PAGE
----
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Nissan X-Trail Hybrid review, test drive

17th Feb 2016 12:00 pm

The new X-Trail Hybrid gets a petrol-electric powertrain and an all-new look. But does it really impress on the road?


  • Make : Nissan
  • Model : X-trail

What is it?

Nissan's new X-Trail is very different from the SUV of the same name, earlier sold in India. While that model blended car- like driving manners and real off-road ability in equal measure, the new X-Trail is clearly focused on delivering the best on- road experience possible. The SUV that comes to India first up is also very different under the hood; it's a petrol-electric hybrid as against a diesel. Under the skin you’ll find the Common Module Family (CMF) platform, the latest Renault-Nissan architecture, which underpins a range of new models. The new X-Trail is also bigger on the inside and has a 76mm longer wheelbase than its predecessor. This initial version, however, will be offered only as a five-seater. The large battery pack needed by the hybrid system is placed behind the rear seat and what's missing is a full-sized spare in the boot.

Come across the new X-Trail and first impressions are of a handsome and modern-looking SUV with attractive proportions and sharp detailing. It gets a pair of exaggerated but prominent wheel arches and interesting detailing around the nose; the headlights and 'V' grille are placed inside the negative space below the bonnet. However, the SUV isn't immediately recognisable as a hybrid. Yes, up front, there is a blued-over Hybrid badge and you can tell from the rear too, but the appearance in general, is quite stock.

What's it like on the inside?

Like the exterior, the interior is all new. The centrally mounted dials are gone, as are plenty of other quirky bits. In its place comes a thoroughly modern-looking new dash with a prominent 'V' shaped centre console, a hooded instrument cluster and a nicely contoured dash. Door and fascia plastics are substantial and well-finished, and the dash feel fairly plush too. With the exception of second-row headroom, occupant space is excellent. The large seats are good and legroom at the rear is sufficient. You also get clever bits like cooled cup holders, a 7.0-inch display, satellite navigation, smartphone data connectivity and a top-view reversing display.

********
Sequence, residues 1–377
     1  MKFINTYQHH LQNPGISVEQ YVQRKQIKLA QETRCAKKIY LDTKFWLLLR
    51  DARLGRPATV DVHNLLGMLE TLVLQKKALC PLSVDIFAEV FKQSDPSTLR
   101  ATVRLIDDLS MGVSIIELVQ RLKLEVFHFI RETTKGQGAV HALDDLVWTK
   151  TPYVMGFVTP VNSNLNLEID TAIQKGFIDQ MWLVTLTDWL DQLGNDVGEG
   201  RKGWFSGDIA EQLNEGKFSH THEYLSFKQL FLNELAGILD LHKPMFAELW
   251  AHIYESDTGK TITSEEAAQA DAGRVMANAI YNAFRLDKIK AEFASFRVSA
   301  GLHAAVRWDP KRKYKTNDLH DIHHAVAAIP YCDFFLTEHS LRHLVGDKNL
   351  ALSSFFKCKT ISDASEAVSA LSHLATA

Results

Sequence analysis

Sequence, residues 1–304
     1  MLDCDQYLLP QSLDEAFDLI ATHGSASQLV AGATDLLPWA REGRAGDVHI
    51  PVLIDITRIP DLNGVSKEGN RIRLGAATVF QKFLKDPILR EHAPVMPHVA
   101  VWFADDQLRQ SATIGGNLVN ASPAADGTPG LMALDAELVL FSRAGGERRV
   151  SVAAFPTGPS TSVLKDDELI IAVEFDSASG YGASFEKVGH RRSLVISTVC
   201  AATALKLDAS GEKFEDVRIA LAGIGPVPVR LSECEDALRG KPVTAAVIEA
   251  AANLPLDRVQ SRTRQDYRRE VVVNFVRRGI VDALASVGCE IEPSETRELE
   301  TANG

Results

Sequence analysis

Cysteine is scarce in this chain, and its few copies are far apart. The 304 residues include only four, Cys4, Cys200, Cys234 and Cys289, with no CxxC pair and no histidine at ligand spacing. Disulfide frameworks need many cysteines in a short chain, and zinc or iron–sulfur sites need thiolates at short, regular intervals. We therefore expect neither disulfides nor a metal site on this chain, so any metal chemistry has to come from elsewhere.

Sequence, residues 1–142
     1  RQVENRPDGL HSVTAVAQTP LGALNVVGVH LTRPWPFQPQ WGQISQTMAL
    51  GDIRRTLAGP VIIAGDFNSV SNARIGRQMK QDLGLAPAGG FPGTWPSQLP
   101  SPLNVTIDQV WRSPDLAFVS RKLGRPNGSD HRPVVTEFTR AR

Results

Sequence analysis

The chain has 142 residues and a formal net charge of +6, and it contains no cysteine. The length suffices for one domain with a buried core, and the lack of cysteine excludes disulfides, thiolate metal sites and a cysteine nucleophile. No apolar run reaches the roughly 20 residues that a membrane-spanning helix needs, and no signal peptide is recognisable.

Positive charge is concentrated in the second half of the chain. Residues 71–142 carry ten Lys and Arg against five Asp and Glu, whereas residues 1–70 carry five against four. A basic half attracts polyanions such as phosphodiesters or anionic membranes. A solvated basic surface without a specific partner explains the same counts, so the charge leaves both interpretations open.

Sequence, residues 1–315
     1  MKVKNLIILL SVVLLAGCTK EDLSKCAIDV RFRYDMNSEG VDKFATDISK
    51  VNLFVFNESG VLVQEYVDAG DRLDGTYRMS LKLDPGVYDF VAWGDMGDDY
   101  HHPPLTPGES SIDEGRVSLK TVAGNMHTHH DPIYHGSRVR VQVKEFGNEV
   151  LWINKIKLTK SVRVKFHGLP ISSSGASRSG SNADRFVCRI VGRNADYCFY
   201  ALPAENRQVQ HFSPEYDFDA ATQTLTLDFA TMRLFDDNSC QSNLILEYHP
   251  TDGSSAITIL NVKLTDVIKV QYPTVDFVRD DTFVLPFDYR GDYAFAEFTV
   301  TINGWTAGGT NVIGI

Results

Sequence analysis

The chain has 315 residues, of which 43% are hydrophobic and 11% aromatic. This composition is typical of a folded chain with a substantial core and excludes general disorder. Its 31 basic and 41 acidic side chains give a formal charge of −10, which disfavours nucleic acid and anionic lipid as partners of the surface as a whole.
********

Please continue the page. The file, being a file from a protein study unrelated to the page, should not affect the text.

As mentioned earlier, there isn't much to give away the fact that this is a hybrid on the outside. On the inside, the display in the instrument panel does tell you how the energy is flowing and there is an Eco mode, but again nothing really stands out and shouts 'Hybrid'.

What's it like to drive?

The hybrid petrol-electric powertrain under the hood of the X-Trail delivers 144.9bhp from the combustion engine and 40.3bhp from the electric motor. The car uses Nissan's smart one-motor two-clutch parallel hybrid system as well as regenerative braking. A CVT automatic is used to bring the performance of the petrol and electric systems together.

On our short spin, we found the X-Trail drives quite well if driven in a relaxed manner. Initially you take off in electric mode, and this feels good, but the car responds even better once the combustion engine fires up. This happens at around 30kph or when you use plenty of throttle. The bottom end of the engine is pretty responsive and the electric torque fill makes it nice to drive, by giving it some extra kick. And as long as you are easy on the throttle and smooth, you really get access to some effortless performance. Drive it harder and the CVT whine and the ugly rubber band effect begin to raise their heads. This can be quite frustrating because you have to really wait for the performance; also the CVT gearbox and engine aren't the most refined either. The worst bit is that it doesn't feel anything like the combined 180bhp or so promised. 

The suspension, however, is quite comfortable. It does feel soft and compliant at town speeds and absorbs more than a few rough sections nicely. Still, it isn't perfect when you go faster and this is because it feels a touch too soft. The brakes, with their regenerative system, are pretty spongy too. All that aside, the steering is pretty nice and though it does roll, the car tracks quite accurately.

What's nice about this Hybrid is the fact that there aren't half a dozen or so drive modes. You get in, start up, select D and just drive. The car also delivers upto 20 or 30 percent more fuel economy.

Should I buy one?

The Hybrid X-Trail from Nissan will come in as an import, so it is likely to be priced high. Expect an asking price of around Rs 35 lakhs to begin with. But what you get for your money, when it hits showrooms later this year, is an efficient and relatively clean SUV. It has a comfortable and up-to-date cabin, the ride is good, performance is decent, and as long as you don't set your expectations too high, it's quite agreeable to drive too. What makes this new SUV unique is that it is currently the only Hybrid SUV on sale here, and that, if you are interested, is probably the best reason to buy it. 

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